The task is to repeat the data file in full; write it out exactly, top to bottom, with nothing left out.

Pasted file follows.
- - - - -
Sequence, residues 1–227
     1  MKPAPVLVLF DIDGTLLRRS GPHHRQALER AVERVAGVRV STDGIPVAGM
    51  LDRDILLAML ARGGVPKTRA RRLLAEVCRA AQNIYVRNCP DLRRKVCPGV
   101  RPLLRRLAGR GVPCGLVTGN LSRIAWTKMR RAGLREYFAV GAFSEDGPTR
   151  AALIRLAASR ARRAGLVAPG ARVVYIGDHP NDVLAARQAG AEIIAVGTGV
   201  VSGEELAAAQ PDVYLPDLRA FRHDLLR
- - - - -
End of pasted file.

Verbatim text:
Sequence, residues 1–227
     1  MKPAPVLVLF DIDGTLLRRS GPHHRQALER AVERVAGVRV STDGIPVAGM
    51  LDRDILLAML ARGGVPKTRA RRLLAEVCRA AQNIYVRNCP DLRRKVCPGV
   101  RPLLRRLAGR GVPCGLVTGN LSRIAWTKMR RAGLREYFAV GAFSEDGPTR
   151  AALIRLAASR ARRAGLVAPG ARVVYIGDHP NDVLAARQAG AEIIAVGTGV
   201  VSGEELAAAQ PDVYLPDLRA FRHDLLR